Repotting plants is a fairly simple task, and even the lowest maintenance plants require a repot – either annually or at least every two years – to keep them looking their best for years to come. Now read best way to repot a plant
How to Tell if Your Plant Needs to Be Repotted
The potting soil your houseplants grow in may cease over time to provide the conditions your plant need to survive. As a guideline, if your houseplants show any of the below symptoms, grab a pair of gardening gloves, your soil scoop and hand trowel, then dig in. You’ll know when to repot a plant when these signs appear:
- Tightly coiled roots protruding from the bottom of the pot.
- Dry soil and lack of moisture retention; water drains out quickly.
- A top-heavy plant that leans over.
- Drooping and sagging leaves that easily brown or just fall off.
What’s the best way to repot a plant
When it’s time to repot your plant, you should use a combination of plastic pots and peat-based compost. Of course, this depends on the plant’s requirements. First, soak the clay pot for a day before using it so the pot won’t draw the water out of the compost.
Pots are available in all sorts of sizes but you usually only need four or five different sizes. The most common sizes used are the 6 cm., 8 cm., 13 cm., 18 cm., and 25 cm. You will always want to leave enough space between the rim of the pot and the surface of the compost; as that’s your watering space. It should increase with the size of your pot because larger pots hold larger plants, which require more water.
When one of your houseplants is in a large pot and can’t be repotted, you’ll have to top-dress the compost. What this means is you will have to remove the top 1 to 1 1/2 inches (2.5-4 cm.) of old compost and replace it with fresh compost. Be sure not to damage the plant’s roots and leave a gap between the top of the compost and the rim of the pot so that the plant can be watered easily.
What kind of soil do I use?
The best thing to do is ask someone at your local nursery. Tell them what you are planting and they’ll give you suggestions. If it’s a tropical houseplant, I’ll use an organic indoor potting soil. I often amend the soil with orchid bark and/or perlite. If you’re repotting a succulent or cactus, you’ll need a soil with better drainage. Typically amended with pumice, vermiculite, or perlite.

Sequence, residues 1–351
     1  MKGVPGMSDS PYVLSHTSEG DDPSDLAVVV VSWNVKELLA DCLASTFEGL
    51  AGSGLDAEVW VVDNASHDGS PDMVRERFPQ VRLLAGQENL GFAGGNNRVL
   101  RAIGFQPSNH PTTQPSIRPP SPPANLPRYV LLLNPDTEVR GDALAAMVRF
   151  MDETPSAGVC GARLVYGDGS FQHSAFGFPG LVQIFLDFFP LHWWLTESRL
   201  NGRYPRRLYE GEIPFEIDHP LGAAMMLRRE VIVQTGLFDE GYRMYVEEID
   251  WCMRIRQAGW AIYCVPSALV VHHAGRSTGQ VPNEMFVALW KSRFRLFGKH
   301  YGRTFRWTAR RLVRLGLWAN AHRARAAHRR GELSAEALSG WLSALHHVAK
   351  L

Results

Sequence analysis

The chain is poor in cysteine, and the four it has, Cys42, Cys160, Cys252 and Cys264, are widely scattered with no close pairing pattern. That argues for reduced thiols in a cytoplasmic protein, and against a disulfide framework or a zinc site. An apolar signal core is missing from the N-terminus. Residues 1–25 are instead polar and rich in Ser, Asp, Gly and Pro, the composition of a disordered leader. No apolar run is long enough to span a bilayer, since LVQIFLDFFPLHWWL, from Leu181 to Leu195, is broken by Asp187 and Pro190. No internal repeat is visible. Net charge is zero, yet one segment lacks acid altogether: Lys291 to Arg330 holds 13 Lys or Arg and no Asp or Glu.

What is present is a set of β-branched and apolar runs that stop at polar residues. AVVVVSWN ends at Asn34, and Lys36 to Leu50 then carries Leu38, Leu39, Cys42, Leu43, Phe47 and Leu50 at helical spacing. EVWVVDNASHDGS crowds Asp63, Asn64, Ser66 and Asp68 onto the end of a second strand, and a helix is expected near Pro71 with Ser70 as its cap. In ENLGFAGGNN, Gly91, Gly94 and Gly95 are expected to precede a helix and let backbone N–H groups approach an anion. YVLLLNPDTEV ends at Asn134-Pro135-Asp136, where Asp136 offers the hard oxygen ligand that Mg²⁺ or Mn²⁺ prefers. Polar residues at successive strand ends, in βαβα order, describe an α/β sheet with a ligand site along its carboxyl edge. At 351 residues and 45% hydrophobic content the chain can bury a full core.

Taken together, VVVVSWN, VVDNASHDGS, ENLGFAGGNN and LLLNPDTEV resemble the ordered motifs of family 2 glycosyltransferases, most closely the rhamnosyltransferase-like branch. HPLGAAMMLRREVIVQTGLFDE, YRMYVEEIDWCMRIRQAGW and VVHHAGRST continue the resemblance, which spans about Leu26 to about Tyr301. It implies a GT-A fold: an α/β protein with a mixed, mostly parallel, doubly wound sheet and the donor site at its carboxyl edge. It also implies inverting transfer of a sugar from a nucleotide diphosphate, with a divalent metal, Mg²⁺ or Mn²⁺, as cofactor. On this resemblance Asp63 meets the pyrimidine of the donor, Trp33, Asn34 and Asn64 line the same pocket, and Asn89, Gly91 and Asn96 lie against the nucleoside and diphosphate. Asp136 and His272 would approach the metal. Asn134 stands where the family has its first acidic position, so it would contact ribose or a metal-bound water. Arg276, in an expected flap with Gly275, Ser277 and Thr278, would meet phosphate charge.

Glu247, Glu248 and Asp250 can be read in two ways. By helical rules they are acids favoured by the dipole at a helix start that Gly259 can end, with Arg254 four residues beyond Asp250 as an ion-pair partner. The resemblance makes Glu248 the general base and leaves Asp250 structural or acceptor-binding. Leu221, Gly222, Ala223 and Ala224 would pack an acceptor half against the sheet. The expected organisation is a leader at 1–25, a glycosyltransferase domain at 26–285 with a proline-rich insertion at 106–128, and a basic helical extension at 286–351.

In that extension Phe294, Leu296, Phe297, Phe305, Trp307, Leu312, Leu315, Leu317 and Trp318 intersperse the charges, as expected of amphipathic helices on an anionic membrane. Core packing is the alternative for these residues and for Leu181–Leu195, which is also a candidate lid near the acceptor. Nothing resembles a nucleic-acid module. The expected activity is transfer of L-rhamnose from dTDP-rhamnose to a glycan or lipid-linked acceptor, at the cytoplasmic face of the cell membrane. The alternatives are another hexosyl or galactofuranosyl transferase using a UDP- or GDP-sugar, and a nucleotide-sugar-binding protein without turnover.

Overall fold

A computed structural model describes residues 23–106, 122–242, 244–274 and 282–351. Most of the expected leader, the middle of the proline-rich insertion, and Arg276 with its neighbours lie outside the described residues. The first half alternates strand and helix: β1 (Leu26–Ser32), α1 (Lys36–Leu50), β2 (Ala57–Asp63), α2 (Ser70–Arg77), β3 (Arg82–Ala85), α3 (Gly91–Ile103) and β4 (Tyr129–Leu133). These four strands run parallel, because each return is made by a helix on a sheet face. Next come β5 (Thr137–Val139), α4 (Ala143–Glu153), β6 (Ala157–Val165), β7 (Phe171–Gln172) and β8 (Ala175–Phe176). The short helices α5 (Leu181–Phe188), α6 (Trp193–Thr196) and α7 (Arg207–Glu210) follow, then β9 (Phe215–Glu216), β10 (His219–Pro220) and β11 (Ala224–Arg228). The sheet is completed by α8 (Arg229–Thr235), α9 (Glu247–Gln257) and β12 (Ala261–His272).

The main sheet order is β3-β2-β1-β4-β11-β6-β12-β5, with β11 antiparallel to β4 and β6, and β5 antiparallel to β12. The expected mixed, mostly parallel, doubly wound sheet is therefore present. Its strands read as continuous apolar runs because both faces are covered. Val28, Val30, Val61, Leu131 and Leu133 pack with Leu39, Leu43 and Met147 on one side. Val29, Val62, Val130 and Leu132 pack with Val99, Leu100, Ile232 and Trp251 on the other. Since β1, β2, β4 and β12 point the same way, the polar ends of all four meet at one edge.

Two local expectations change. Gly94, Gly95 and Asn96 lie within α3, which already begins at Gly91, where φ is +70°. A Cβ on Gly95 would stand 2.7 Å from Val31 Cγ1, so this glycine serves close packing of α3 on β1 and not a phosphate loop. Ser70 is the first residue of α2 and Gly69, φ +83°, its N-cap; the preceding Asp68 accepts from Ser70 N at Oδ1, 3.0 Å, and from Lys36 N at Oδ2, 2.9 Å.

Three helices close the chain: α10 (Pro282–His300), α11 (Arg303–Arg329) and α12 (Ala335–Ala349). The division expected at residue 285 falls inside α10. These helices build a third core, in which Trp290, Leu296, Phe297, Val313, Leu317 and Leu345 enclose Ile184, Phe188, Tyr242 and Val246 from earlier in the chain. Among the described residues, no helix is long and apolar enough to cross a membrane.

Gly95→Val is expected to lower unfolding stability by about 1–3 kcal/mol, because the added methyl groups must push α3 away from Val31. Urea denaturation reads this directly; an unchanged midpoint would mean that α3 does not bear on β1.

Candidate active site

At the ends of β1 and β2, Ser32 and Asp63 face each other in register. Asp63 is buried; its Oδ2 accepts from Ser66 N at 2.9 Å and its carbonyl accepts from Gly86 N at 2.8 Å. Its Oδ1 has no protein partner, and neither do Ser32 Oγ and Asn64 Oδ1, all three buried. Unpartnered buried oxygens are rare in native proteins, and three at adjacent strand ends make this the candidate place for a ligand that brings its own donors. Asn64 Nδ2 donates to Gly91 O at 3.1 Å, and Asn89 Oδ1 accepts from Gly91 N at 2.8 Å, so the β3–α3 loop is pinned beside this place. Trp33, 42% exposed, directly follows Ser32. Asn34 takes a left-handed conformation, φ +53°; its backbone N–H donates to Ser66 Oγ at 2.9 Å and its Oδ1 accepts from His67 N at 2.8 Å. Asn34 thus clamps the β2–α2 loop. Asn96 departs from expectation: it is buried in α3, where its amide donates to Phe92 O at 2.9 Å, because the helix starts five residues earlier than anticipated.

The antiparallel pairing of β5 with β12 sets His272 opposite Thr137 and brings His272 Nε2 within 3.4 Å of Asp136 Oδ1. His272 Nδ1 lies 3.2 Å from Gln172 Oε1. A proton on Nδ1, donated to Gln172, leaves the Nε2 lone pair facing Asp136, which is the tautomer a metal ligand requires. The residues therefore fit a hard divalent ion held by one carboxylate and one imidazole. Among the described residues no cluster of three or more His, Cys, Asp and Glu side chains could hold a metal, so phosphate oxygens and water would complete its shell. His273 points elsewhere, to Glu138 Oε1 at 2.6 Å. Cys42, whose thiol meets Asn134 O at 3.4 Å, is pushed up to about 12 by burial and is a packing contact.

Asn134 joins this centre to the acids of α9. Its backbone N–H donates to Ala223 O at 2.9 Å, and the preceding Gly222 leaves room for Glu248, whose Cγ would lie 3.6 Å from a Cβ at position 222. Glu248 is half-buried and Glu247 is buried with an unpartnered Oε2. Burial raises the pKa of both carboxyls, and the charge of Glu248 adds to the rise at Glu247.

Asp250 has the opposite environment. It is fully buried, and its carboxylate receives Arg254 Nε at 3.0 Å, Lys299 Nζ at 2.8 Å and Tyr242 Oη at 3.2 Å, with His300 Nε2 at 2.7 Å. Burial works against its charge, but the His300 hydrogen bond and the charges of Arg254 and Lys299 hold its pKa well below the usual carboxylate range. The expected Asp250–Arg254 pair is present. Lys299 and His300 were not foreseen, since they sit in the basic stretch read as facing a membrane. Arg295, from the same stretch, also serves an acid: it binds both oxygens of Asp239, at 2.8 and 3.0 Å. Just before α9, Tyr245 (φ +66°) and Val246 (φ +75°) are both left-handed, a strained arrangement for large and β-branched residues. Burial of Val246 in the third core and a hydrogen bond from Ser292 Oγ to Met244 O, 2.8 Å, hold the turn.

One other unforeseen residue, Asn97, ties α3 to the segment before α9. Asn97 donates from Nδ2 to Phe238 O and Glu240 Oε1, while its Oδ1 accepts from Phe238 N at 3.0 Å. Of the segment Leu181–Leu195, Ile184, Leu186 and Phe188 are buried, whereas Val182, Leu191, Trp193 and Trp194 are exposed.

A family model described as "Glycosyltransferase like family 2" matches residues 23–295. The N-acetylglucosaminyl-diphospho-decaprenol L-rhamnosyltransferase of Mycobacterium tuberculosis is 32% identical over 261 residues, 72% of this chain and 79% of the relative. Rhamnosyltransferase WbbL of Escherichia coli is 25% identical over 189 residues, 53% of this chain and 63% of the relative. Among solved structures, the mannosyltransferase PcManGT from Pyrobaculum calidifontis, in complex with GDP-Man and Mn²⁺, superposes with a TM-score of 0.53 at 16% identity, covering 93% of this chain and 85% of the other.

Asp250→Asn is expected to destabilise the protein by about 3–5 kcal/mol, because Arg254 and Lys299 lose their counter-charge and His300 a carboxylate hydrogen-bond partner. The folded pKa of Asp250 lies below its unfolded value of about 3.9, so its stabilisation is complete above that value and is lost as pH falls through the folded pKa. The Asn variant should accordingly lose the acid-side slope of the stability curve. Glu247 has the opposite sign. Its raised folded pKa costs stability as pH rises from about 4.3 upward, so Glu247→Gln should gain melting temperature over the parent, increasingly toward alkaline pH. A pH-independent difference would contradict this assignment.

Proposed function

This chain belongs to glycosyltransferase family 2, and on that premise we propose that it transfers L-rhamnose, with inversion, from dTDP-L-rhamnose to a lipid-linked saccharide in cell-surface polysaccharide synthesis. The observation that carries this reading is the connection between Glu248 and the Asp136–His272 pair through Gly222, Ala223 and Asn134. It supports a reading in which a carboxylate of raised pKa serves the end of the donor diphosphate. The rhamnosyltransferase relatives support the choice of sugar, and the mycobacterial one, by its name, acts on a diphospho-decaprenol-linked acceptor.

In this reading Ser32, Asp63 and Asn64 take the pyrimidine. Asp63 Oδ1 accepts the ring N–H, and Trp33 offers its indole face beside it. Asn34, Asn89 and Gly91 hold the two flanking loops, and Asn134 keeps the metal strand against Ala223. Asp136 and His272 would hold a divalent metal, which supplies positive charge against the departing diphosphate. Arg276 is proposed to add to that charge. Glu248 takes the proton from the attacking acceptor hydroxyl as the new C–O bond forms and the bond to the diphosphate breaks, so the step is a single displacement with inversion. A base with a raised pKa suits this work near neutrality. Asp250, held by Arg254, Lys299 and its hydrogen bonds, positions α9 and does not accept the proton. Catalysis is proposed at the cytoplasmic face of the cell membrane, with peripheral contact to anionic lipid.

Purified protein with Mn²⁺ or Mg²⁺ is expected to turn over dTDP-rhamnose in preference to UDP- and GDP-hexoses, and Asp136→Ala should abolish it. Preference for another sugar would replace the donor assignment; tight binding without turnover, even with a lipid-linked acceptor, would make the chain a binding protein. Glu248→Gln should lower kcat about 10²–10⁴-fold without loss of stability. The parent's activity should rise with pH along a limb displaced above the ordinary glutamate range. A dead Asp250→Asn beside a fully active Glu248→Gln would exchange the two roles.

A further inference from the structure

Best way to repot a houseplant
What do I need?
- Potting soil
- New pot
- Root bound plant
- Small shovel (cup or your hands) for shoveling dirt
- A bit of water
- Clean scissors (If you need to trim roots)
Bring the plant you’re repotting to an area where you feel comfortable making a little mess. Indoors, many people simply cover a table with newspaper. In some cases, watering the plant to dampen (not soak) the soil may make it easier to remove the plant from its container. In other instances, it’s easier to work with dry soil. Use your judgement. Rest assured that neither technique is better or worse for the plant’s health. Keep in mind that working with damp soil will make the process somewhat messier.
The best way to remove the plant from its current home depends both on the size of the plant and the type of pot it’s in. If it’s a small plant in a plastic nursery container, you can simply turn the container upside down and gently squeeze from the bottom, using your free hand to guide the plant out.
If it’s a larger plant in, say, a heavy terra-cotta pot, work a gardening fork or trowel around the edge of the soil in the container. Root damage is inevitable here, but try to keep it to a minimum. Next, lay the pot on its side and turn the container (not the plant) slowly, thereby twisting the plant out onto your work surface.
Now it’s time to prepare the new container. Double-check to make sure that it has at least one good-size drainage hole; if it doesn’t, you can always create one with your drill/driver. Some indoor gardeners like to line the bottom of pots with stones or broken pottery to further enhance drainage.
After filling the container halfway with new potting soil
Use gardening scissors to clean up the plant and its root ball. Remove any old stems that could slow the plant’s growth, and cut away any dark-looking roots. With your hands, gently break up parts of the root ball to encourage new growth.
Position the plant into its new container so that the top edge of the root ball hits an inch or two below the lip of the pot. Add soil to backfill around the sides of the root ball until the plant can stand upright on its own. You may need to pack the soil, but be very careful not to make the medium too dense.
Use a watering can to give your plant a good soaking in its new home. The drainage hole(s) will allow for excess water to escape. How much water to add after repotting depends on the plant. Make sure to add enough water but not too much to avoid rotting the roots.
To help your plant cope with the shock of having been repotted, give it a good soak. Finally, return the plant to its favorite perch, whether it’s the humid environment of your bathroom or the cheerful sun of a bay window.
How to avoid transplant shock
Plants can suffer from transplant shock after repotting, which can result in a plant wilting and failing to thrive, which ultimately could kill the plant. To avoid this happening, Claire suggests the following:
Make sure the new pot has sufficient drainage holes
Place the plant in the exact same spot it used to inhabit so that it gets the same temperature and lighting conditions it had before
Give the plant a dose of water-soluble, all-purpose plant food
Finally, nip off all dead leaves and stem ends to make room for new parts to grow.